krebsonsecurity.com/2010/04/fake-anti-virus-peddlers-outmaneuvering-legitimate-av/, posted 2010 by peter in scam security windows
In a report being released today, Google said that between January 2009 and the end of January 2010, its malware detection infrastructure found some 11,000 malicious or hacked Web pages that attempted to foist fake anti-virus on visitors. The search giant discovered that as 2009 wore on, scareware peddlers dramatically increased both the number of unique strains of malware designed to install fake anti-virus as well as the frequency with which they deployed hacked or malicious sites set up to force the software on visitors.
Fake anti-virus attacks use misleading pop-ups and videos to scare users into thinking their computers are infected and offer a free download to scan for malware. [...] Worse still, fake anti-virus programs frequently are bundled with other malware. What’s more, victims end up handing their credit or debit card information over to the people most likely to defraud them.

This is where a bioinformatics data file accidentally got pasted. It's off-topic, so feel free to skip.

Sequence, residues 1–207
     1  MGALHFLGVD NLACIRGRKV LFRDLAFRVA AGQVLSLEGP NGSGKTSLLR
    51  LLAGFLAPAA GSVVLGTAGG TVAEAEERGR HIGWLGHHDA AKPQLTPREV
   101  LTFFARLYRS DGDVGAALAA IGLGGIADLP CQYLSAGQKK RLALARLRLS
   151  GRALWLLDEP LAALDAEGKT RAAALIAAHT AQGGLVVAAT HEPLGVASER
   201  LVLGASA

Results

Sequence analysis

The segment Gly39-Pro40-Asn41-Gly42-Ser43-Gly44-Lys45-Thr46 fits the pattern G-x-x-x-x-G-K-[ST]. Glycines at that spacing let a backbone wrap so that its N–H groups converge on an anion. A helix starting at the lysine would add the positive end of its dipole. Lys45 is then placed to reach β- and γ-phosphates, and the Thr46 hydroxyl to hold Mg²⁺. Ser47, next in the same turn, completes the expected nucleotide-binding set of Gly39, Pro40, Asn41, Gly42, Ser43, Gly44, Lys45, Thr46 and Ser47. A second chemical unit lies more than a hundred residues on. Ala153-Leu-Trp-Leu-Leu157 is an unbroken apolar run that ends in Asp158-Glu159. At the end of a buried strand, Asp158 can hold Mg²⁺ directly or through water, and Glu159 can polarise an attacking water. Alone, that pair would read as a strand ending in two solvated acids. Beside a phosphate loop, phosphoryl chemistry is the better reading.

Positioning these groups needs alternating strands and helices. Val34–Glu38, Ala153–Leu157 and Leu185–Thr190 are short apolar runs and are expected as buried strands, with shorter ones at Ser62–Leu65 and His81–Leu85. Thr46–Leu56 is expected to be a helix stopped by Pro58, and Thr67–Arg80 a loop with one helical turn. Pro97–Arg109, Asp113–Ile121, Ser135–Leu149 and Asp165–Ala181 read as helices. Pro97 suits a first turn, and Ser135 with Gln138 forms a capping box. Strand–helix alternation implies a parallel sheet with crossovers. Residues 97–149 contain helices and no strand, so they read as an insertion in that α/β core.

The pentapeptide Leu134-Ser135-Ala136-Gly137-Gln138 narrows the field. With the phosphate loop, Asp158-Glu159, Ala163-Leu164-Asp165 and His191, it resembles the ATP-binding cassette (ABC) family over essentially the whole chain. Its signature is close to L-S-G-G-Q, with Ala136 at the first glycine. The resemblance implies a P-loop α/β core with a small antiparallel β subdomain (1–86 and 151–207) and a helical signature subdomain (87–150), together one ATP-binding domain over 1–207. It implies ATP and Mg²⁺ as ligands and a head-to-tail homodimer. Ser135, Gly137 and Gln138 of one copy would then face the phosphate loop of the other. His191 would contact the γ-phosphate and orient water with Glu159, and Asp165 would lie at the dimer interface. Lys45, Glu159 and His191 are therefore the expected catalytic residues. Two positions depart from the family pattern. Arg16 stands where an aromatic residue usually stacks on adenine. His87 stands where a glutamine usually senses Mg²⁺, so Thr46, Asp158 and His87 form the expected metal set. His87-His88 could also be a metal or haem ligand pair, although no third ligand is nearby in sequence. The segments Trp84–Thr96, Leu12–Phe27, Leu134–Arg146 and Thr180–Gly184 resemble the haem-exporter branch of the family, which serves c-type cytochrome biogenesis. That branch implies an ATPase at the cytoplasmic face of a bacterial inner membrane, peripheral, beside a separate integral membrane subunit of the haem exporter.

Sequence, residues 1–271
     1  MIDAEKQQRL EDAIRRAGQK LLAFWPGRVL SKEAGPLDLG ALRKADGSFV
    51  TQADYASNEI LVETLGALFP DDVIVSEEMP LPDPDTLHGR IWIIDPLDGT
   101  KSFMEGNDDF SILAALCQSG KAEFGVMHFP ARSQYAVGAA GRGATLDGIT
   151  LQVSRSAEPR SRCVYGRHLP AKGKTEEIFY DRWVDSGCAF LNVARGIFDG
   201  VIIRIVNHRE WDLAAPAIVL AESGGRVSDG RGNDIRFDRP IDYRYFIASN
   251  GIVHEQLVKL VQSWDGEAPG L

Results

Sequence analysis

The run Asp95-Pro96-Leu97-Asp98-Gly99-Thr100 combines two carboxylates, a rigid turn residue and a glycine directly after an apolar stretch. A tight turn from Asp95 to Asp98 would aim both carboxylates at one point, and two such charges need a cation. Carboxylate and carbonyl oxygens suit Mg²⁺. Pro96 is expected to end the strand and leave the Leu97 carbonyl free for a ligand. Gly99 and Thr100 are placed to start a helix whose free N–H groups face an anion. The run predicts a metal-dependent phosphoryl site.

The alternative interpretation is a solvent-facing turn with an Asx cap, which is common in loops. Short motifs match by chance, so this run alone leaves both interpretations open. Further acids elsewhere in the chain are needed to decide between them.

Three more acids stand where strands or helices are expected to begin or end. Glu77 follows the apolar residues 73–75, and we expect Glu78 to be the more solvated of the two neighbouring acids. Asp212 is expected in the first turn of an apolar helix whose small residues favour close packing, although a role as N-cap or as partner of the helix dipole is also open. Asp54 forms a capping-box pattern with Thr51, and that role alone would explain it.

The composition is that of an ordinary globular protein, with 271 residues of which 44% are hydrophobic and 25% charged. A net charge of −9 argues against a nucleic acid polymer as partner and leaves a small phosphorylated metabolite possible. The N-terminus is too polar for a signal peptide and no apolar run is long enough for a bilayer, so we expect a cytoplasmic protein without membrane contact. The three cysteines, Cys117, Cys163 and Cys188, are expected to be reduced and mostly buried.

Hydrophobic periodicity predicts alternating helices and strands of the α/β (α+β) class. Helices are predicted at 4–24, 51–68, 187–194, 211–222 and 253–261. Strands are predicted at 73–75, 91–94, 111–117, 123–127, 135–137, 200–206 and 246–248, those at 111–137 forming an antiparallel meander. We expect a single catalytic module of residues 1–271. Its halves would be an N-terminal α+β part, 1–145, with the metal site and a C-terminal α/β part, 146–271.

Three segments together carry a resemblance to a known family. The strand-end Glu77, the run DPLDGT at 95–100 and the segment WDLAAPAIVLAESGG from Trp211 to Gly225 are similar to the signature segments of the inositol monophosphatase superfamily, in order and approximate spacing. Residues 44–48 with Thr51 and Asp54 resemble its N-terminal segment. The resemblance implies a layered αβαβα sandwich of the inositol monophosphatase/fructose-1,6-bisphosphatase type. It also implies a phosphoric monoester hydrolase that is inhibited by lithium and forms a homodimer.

Now can we agree that "anti-virus" programs are a bad idea?
www.itnews.com.au/News/165888,key-eds-witness-bought-internet-degree.aspx, posted 2010 by peter in education humor scam
One of the reasons the accusation was upheld was that Joe Galloway made another representation that was proven false by BSkyB's lawyers – that he had a degree from Concordia College in the US Virgin Islands.
Galloway gave detailed evidence on how he took plane journeys between the islands and attended a college there.
But while questioning Galloway in court, Mark Howard QC managed to obtain exactly the same degree as Galloway from Concordia College for his dog "Lulu" with one key difference – the dog got a higher mark.
Both Galloway and the dog received a letter from the vice-chancellor of Concordia College saying:
“Mr Galloway / Lulu demonstrated that he/she is prepared and fully equipped to add valuable apprenticeship to our institution’s activities by means of talented and profoundly investigated subject treatment."
www.nytimes.com/2005/11/27/nyregion/thecity/27brid.html?_r=1, posted 2010 by peter in history scam toread